Anish the quintessential dirtbag.
Anish also made it into our Dirtbag's Guide to Life as the key example of a prototypical dirtbag,and the reasons come through clearly in the book. A dirtbag, at least in my definition, is someone who sacrifices normality in other aspects of life in order to prioritize the outdoors and adventure, and they're the most dedicated practitioners of outdoor culture.
Heather beautifully communicates the pull of wilderness throughout the work, in physical descriptions of the trail that are as evocative and appealing as any other book on the PCT that I'm aware of. Despite the fact that the book chronicles an experience that sounds absolutely physically unbearable, I came away energized to hike the trail again because she captures the trail's essence, and the book brought back lovely memories of the people, places and experiences that define a thru-hike.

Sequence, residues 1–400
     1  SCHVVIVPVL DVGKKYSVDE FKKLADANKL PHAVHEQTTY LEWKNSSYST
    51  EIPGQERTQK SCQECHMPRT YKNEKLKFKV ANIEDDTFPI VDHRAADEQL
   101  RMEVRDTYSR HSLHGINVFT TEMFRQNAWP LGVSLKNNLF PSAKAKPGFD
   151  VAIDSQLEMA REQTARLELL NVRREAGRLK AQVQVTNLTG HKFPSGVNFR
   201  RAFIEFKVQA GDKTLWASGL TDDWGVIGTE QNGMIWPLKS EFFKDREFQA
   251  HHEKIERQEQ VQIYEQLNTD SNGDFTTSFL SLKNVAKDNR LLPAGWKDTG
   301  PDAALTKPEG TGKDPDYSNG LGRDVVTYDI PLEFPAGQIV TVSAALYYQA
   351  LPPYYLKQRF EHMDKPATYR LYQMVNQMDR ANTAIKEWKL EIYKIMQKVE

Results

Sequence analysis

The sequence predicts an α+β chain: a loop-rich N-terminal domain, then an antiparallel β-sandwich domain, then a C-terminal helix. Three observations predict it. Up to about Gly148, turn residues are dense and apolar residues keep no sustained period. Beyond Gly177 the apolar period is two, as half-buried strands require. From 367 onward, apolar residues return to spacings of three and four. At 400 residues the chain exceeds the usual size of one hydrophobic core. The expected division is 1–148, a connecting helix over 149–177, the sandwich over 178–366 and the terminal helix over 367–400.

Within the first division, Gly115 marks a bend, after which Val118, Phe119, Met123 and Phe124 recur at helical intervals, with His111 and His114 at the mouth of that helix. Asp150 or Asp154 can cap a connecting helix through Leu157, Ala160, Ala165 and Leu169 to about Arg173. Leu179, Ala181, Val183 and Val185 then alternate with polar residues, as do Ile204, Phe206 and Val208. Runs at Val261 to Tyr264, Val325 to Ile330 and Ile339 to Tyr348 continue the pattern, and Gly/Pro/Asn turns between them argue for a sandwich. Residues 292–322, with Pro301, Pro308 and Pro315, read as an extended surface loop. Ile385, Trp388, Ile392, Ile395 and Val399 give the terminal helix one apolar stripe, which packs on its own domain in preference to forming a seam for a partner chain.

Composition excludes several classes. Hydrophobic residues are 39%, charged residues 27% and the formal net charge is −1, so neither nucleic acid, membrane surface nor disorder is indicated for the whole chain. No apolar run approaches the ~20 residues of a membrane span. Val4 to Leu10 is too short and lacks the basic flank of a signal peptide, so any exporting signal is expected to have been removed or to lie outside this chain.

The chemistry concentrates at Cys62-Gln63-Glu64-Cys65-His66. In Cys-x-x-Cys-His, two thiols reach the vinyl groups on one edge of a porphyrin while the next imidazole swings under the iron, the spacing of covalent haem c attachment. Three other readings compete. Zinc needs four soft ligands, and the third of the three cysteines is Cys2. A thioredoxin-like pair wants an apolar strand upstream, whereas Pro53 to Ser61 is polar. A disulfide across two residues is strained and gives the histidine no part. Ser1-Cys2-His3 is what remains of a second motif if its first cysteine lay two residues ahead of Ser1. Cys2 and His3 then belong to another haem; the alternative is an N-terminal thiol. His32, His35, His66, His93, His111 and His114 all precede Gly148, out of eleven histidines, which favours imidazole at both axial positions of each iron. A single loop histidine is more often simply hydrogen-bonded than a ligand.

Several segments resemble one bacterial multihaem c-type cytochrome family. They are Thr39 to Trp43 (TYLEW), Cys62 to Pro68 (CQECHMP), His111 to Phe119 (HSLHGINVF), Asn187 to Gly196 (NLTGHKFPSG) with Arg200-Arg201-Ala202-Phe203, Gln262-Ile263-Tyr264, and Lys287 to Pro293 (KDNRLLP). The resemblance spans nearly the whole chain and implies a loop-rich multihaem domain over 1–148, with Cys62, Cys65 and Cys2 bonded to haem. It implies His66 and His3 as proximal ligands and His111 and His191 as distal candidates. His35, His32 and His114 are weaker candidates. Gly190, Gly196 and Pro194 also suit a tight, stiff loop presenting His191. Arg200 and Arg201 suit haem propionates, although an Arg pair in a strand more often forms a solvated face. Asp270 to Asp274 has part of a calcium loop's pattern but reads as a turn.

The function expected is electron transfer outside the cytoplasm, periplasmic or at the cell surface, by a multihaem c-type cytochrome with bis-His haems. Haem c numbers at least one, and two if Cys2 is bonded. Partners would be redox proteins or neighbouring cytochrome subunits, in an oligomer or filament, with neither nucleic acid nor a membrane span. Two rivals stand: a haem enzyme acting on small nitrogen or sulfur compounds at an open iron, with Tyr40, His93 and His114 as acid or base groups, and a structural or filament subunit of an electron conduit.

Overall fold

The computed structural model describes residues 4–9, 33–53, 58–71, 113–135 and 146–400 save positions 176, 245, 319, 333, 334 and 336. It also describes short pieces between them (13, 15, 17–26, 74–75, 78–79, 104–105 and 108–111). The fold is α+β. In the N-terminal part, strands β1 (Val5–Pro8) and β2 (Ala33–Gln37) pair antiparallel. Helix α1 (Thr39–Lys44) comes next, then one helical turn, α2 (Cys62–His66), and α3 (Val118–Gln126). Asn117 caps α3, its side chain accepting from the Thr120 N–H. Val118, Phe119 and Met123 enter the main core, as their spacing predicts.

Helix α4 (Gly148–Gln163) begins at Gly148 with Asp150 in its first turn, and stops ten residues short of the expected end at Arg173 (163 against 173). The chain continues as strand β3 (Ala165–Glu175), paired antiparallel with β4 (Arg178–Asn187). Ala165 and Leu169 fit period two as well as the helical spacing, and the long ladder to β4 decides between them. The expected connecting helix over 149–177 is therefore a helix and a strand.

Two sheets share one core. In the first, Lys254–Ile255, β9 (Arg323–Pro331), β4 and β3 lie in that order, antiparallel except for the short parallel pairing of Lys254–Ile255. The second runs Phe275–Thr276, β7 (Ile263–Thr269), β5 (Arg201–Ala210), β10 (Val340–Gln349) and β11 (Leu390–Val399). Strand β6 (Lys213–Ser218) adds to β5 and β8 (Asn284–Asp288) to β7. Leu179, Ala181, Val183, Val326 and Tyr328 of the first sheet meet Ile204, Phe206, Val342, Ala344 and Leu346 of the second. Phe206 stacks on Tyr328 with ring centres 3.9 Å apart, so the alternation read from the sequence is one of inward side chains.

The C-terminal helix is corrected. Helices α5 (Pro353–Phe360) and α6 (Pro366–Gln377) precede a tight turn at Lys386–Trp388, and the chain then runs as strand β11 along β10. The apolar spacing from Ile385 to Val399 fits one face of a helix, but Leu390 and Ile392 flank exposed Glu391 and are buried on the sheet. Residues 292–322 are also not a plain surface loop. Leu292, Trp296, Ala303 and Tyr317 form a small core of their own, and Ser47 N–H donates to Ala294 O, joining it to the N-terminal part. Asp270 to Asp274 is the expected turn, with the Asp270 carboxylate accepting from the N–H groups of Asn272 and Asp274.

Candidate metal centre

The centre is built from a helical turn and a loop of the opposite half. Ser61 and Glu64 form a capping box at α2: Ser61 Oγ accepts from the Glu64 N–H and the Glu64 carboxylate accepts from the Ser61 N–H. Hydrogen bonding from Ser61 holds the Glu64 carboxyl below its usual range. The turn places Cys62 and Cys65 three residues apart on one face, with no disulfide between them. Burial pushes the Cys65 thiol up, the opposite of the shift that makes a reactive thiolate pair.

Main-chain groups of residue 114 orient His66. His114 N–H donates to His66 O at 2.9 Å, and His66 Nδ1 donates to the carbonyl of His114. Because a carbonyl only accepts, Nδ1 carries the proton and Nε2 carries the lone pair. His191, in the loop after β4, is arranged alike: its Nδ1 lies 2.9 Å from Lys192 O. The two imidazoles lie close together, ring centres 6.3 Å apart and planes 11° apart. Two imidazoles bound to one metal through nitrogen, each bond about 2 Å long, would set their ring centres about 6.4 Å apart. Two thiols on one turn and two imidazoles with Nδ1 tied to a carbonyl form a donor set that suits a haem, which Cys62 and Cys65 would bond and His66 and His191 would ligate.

But Anish also powerfully communicates the struggle involved for the true dirtbag who centers their existence on time in the wilderness. One of the book's core themes is her wrestling with the sacrifices she has to make in order to do what she's doing. Some of that relates to concrete, physical suffering - anecdotes about digging dead skin out of blister-holes with a pocketknife, and using sticks to separate her pack from open wounds on her back illustrate the fact that she spent two months pushing constantly against levels of pain that are genuinely mind-boggling. But the book also chronicles a series of sacrifices in her personal life, made in order to devote her life to the trail. She includes a particularly funny (and cringe-inducing) story about explaining her plans to her university adviser to forgo a career in order to become a vagabond, And that experience foreshadows a series of similar experiences, explaining herself to her family, leaving a marriage, jobs, and stability, in order to devote her life to the trail.